Among the reasons to purchase gold is the fact that its performance is not closely correlated to stocks when share prices decline. This downside protection—gold rises when stocks tumble—is a fundamental component of any smart investment plan. Normally, bonds also have this quality of offsetting risk in the stock market. So many experienced investors allocate a substantial portion of their non-equity exposure to fixed-income securities. But, as of this writing in mid-June 2021, the relationship between bonds and stocks is decoupling.
The consumer price index rose at its fastest pace in 13 years during May, the federal government reported on June 10, a news flash that would typically drive bond prices down in anticipation of higher inflation and higher interest rates. But that didn’t happen. Bonds rose on the news, along with stock prices. (Stocks climbed on the idea that rising prices are a reflection of strong economic growth that will generate big corporate earnings.)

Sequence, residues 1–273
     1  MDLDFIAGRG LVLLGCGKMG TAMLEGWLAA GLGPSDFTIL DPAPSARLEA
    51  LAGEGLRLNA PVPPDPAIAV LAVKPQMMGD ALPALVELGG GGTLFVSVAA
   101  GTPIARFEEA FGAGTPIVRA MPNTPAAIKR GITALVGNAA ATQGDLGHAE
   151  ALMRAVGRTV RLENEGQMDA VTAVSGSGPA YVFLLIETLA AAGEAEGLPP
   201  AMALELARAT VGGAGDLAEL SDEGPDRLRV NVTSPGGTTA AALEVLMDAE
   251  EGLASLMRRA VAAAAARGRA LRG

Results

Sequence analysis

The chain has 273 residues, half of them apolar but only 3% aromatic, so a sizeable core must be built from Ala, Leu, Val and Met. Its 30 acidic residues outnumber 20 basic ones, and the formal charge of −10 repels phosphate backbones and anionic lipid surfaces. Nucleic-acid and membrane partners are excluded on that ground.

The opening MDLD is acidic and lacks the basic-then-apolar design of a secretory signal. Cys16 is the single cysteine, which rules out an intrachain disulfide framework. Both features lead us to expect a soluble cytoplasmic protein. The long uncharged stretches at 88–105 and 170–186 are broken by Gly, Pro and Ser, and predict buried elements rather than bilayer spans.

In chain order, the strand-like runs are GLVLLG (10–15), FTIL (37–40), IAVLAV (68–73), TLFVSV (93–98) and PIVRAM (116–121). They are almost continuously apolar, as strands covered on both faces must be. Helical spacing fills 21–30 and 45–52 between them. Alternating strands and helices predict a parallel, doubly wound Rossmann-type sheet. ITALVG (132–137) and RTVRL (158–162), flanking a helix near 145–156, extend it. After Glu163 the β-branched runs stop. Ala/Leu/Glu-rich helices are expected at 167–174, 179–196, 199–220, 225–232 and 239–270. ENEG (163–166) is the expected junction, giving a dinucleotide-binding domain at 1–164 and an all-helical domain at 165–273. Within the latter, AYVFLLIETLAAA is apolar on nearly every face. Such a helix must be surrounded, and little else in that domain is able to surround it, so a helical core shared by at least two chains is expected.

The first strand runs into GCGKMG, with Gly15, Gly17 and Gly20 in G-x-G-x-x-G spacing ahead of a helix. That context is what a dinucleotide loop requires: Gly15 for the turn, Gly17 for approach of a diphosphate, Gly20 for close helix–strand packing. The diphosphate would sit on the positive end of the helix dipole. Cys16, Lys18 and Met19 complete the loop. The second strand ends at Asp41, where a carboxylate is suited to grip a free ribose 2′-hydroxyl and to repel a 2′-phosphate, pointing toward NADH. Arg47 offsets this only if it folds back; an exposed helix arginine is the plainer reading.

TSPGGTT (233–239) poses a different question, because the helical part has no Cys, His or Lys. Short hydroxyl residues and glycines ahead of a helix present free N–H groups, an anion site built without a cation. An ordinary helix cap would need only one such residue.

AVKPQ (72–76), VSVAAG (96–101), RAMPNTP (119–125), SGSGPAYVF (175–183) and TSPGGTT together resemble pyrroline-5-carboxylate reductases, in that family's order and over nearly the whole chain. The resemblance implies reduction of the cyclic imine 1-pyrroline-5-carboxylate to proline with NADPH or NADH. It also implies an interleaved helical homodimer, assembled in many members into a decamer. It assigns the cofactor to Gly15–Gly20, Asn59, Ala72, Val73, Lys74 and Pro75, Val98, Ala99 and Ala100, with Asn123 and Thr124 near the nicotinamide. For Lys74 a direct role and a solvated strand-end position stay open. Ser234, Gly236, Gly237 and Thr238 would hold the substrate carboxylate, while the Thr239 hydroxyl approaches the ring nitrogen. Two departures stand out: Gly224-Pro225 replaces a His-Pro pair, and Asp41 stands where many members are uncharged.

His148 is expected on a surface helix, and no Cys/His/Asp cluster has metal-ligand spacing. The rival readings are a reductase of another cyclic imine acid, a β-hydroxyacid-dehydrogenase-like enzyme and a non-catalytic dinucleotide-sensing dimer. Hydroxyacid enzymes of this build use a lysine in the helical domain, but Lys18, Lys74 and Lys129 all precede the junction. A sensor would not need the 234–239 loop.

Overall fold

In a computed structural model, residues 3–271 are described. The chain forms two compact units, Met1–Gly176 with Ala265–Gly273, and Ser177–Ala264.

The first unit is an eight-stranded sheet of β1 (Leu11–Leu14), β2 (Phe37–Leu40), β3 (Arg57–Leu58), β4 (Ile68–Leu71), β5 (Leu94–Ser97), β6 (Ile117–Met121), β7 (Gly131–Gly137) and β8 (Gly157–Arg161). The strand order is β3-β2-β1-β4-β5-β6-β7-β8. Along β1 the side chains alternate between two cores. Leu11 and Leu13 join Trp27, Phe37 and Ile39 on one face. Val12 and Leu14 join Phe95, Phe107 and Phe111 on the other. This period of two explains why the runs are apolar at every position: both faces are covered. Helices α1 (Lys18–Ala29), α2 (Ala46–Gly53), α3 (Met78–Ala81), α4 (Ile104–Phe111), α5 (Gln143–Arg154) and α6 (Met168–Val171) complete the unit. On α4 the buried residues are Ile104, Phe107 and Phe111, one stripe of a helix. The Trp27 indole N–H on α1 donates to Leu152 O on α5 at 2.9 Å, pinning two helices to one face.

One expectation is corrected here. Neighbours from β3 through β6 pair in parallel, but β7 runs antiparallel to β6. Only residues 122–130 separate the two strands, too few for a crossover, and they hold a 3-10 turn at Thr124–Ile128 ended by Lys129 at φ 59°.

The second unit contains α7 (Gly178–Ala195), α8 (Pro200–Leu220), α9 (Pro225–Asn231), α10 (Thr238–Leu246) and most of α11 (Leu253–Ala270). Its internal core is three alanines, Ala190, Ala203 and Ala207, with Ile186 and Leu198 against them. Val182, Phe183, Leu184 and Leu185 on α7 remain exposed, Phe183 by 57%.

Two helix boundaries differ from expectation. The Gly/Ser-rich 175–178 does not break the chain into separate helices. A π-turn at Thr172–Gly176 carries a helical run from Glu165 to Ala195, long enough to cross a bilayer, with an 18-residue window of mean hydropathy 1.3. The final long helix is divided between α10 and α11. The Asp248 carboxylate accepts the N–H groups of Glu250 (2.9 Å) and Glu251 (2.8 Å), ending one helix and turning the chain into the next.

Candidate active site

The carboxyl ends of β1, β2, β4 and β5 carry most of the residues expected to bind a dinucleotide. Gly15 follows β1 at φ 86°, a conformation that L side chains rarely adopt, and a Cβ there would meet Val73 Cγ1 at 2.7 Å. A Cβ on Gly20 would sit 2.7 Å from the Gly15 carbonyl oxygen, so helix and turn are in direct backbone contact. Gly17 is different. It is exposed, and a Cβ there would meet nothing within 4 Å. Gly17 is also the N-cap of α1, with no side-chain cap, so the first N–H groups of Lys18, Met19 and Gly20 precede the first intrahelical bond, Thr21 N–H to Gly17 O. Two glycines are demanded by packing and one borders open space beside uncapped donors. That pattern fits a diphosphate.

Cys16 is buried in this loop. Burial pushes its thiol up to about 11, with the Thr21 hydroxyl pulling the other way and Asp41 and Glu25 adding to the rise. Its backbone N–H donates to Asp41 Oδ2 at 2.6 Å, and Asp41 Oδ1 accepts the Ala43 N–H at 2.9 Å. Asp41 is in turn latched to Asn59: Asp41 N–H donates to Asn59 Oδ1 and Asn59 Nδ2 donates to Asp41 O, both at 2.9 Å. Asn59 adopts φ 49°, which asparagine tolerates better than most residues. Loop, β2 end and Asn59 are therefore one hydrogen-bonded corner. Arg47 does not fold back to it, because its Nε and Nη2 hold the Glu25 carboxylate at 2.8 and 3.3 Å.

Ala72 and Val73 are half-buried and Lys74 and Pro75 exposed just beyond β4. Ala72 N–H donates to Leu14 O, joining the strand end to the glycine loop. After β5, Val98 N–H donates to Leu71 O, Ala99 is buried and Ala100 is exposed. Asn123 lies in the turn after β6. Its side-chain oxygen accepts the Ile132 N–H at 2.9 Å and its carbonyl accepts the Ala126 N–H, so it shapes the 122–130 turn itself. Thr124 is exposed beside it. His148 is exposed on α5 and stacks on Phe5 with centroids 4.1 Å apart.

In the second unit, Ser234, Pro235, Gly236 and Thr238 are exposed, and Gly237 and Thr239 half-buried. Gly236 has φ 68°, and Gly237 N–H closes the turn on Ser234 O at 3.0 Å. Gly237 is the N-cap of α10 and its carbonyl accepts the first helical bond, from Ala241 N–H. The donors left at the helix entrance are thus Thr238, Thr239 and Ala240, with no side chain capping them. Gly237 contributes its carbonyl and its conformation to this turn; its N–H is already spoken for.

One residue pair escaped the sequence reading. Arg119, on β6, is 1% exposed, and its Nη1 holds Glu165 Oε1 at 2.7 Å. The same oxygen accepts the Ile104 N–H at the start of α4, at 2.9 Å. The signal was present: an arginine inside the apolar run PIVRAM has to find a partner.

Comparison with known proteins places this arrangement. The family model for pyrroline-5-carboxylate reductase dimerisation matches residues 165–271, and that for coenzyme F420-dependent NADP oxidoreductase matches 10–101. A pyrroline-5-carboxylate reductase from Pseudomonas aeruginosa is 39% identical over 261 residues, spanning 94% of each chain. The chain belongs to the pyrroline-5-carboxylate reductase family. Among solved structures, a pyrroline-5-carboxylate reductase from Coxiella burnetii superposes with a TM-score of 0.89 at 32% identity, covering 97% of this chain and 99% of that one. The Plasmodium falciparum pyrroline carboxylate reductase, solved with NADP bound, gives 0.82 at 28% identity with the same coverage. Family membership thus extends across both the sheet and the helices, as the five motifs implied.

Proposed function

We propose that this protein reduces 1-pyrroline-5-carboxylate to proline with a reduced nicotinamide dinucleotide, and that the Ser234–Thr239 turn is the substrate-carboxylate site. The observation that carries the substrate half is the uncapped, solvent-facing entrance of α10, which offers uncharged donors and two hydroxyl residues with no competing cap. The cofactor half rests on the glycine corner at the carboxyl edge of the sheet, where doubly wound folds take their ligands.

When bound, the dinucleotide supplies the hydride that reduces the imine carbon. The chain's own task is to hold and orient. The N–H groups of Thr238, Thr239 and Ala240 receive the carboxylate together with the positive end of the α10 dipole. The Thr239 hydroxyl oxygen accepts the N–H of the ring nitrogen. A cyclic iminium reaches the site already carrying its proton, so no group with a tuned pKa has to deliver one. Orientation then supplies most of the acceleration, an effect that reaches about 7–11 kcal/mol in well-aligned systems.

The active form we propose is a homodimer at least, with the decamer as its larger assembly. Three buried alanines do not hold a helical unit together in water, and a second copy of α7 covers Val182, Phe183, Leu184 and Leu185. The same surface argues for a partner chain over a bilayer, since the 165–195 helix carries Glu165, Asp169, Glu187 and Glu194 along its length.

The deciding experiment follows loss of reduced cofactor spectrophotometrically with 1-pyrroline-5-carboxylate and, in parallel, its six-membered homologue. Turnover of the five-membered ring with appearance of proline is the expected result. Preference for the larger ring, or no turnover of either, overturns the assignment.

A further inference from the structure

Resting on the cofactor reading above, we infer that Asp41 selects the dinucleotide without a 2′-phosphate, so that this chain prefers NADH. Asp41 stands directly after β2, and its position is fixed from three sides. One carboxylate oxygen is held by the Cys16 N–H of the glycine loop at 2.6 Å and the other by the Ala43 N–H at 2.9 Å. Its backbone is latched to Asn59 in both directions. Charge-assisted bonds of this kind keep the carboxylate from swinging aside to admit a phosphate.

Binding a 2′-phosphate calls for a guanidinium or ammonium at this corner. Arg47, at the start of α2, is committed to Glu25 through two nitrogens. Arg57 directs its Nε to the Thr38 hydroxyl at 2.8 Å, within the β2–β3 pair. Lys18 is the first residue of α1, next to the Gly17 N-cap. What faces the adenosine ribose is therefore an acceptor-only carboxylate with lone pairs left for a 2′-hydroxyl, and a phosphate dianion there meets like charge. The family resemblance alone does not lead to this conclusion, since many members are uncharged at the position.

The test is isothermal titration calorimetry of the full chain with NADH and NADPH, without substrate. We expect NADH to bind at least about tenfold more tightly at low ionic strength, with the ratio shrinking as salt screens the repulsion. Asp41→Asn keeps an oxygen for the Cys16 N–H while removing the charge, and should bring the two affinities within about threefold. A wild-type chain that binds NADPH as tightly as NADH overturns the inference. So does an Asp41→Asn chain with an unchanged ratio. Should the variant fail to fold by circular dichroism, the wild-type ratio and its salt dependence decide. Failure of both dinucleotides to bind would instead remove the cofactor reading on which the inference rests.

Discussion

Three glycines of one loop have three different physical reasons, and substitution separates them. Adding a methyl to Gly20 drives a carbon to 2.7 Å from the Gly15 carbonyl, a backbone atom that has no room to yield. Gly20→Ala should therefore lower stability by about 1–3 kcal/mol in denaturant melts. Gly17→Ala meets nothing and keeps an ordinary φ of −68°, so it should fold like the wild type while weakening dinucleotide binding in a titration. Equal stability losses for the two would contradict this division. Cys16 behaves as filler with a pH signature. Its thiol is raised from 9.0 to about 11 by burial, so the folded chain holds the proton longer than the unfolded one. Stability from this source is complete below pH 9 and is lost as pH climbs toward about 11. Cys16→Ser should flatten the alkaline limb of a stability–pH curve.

This is an indication that the bond market now believes what the Federal Reserve has been saying: it will not raise interest rates in the near future because it wants to see higher inflation.
In other words, the bond market at the moment is not playing its normal role of offsetting investor risk in the stock market, which is trading at all-time record high levels and could be vulnerable to sell-offs.
Since bonds are not offsetting risk in the stock market in this environment, it makes sense to increase one’s allocation to gold to ensure one’s portfolio does have a highly reliable hedge against stock market declines.